The San Jose rail yard gunman who allegedly killed nine people had a stockpile of weapons and ammunition in his home which he set on fire, police said in a press release on Friday.
Officials have said that the gunman “coordinated” a fire at his home to start at approximately the same time the shooting began Wednesday.
The suspect, Sam Cassidy, 57 arrived at the Valley Transportation Authority (VTA) on Wednesday carrying two semi-automatic handguns and 11 high-capacity magazines. He fired 39 shots at the facility, killing eight people at the scene, and wounding another who later died of their injuries. He then died of a self-inflicted gunshot wound.
After authorities had controlled the fire, they were able to serve a search warrant on his home and found the stockpile of weapons.
“An initial search of the suspect’s residence discovered multiple cans of gasoline, suspected Molotov Cocktails, twelve firearms, and approximately twenty-two thousand rounds of ammunition,” the Santa Clara County Sheriff’s Department said in a release.
Earlier in the day on Friday, San Jose police told KRON-TV that they were shutting down the area surrounding Cassidy’s home on the 1100 block of Angmar Court in San Jose, California in order to detonate possible explosives inside the house.
The press release confirmed the presence of explosive material, as well as the guns and ammunition. The Santa Clara County Sheriff’s Department posted several photos of the guns, and ammunition on their Twitter page on Friday. FBI, the Bureau of Alcohol, Tobacco, Firearms and Explosives and the San Jose Fire Department were also on the scene.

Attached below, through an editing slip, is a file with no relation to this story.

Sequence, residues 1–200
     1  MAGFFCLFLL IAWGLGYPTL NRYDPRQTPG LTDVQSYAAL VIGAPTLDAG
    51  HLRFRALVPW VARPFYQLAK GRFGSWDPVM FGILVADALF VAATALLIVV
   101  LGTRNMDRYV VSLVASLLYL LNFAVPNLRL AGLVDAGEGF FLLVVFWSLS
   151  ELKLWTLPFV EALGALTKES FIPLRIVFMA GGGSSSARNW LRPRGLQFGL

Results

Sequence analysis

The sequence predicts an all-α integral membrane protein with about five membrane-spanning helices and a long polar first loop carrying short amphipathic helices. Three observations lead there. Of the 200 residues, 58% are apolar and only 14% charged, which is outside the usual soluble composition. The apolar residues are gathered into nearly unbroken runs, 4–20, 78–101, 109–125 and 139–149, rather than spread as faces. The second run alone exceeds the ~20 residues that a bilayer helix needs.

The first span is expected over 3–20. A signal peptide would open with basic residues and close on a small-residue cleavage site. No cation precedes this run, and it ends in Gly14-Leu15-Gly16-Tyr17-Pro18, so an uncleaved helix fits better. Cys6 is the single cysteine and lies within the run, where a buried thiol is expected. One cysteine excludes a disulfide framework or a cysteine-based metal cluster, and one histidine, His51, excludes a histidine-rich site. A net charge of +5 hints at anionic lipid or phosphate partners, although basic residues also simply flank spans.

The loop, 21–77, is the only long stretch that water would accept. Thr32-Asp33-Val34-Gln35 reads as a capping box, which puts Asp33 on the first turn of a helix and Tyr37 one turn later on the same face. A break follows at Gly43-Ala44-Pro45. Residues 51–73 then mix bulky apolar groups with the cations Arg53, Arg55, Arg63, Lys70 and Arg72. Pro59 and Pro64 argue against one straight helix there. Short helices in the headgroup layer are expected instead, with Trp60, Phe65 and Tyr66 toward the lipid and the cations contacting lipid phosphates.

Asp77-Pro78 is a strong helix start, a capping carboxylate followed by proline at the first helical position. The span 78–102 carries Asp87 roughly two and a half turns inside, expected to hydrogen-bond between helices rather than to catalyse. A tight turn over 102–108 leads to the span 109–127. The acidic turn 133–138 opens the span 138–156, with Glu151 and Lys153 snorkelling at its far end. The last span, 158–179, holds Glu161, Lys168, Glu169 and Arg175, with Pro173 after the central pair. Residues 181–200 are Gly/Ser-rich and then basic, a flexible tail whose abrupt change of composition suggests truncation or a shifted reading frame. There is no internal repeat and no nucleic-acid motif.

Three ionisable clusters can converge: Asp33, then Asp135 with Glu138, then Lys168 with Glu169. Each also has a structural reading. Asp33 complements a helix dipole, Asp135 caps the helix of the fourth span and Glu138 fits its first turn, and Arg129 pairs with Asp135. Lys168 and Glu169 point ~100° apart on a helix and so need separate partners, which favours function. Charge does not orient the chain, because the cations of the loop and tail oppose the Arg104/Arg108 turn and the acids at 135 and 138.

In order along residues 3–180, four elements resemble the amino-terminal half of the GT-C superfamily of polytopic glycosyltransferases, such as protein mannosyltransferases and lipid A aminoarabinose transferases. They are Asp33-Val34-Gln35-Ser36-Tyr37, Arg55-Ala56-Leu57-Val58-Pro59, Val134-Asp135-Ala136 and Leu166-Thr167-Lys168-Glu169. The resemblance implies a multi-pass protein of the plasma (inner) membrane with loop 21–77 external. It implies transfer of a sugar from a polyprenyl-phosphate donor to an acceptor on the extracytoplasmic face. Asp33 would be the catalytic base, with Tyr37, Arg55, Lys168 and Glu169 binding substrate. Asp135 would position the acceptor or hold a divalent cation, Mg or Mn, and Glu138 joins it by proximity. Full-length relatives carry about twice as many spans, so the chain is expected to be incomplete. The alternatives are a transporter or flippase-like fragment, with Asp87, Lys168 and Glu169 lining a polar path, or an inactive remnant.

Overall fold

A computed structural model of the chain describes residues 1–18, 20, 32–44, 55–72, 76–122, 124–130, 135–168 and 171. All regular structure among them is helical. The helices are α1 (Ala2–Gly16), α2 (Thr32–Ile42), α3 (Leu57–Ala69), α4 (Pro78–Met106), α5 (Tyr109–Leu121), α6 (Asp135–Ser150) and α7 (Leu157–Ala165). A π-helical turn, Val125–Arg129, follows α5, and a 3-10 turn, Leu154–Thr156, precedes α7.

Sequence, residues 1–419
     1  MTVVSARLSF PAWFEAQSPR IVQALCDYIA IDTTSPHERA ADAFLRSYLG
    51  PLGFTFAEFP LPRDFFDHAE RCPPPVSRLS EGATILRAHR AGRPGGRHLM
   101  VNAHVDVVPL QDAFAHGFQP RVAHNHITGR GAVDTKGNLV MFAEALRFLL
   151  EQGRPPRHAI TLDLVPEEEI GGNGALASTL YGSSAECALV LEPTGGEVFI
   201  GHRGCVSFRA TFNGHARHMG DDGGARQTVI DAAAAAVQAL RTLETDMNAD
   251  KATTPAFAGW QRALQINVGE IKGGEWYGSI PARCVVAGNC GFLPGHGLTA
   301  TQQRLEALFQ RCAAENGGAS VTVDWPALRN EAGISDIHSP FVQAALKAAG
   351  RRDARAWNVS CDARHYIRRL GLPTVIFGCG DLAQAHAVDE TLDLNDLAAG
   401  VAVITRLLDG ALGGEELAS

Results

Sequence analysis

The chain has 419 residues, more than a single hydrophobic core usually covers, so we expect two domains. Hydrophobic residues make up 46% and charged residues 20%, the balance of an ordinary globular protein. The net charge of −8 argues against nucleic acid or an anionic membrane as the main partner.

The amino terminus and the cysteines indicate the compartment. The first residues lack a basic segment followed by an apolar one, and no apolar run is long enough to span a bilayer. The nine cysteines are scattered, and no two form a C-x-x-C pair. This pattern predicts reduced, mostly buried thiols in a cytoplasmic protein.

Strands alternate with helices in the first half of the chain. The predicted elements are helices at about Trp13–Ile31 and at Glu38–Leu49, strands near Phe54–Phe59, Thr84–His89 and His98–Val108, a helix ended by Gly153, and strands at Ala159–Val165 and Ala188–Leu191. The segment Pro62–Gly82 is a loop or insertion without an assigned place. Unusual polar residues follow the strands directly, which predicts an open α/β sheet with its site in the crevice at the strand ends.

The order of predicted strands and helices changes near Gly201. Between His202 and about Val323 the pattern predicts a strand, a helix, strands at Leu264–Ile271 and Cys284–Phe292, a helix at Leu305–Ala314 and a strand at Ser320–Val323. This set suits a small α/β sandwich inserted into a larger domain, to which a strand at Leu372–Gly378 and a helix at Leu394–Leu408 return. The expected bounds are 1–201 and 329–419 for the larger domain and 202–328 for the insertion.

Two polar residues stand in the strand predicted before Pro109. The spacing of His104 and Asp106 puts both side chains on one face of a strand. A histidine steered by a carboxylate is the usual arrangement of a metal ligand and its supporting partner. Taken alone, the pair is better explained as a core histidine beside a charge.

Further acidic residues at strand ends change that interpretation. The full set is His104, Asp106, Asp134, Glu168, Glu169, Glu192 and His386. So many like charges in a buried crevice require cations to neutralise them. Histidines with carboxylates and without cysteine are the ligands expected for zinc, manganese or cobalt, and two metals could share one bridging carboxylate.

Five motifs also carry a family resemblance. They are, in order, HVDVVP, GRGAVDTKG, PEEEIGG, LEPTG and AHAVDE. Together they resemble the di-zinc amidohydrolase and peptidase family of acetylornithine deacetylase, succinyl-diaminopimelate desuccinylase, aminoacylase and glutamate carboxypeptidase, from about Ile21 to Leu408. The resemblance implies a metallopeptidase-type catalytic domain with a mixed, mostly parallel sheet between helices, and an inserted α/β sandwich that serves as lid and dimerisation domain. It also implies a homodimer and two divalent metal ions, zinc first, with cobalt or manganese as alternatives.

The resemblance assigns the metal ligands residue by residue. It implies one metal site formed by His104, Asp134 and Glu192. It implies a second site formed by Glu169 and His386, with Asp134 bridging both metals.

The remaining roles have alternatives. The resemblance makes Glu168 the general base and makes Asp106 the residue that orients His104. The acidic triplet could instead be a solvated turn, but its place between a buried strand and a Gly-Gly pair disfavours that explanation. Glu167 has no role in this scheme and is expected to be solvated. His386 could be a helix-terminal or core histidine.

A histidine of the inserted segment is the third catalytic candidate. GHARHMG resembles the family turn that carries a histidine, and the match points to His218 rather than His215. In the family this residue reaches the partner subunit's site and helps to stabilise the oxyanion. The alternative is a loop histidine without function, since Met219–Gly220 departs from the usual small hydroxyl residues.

Evidence found inside the home appeared to contribute to the existing theory that the shooting and the apparently coordinated fire at the suspect’s home were a planned event.
“Based on current evidence obtained by the Sheriff’s Office Detectives at the VTA yard and the suspect’s residence, it is clear that this was a planned event and the suspect was prepared to use his firearms to take as many lives as he possibly could had Sheriff’s Deputies not made entry to stop his rampage,” the release said.
Cassidy’s ex-wife Cecilia Nelm said he had talked about killing people at work years ago. She told The Associated Press that he would come home from work angry about what he thought was unfair treatment on the job.
The medical examiner’s office identified the victims as Paul Delacruz Megia, 42; Taptejdeep Singh, 36; Adrian Balleza, 29; Jose Dejesus Hernandez III, 35; Timothy Michael Romo, 49; Michael Joseph Rudometkin, 40; Abdolvahab Alaghmandan, 63; Lars Kepler Lane, 63; and Alex Ward Fritch, 49.
Newsweek reached out to The Santa Clara County Sheriff’s Department for comment.
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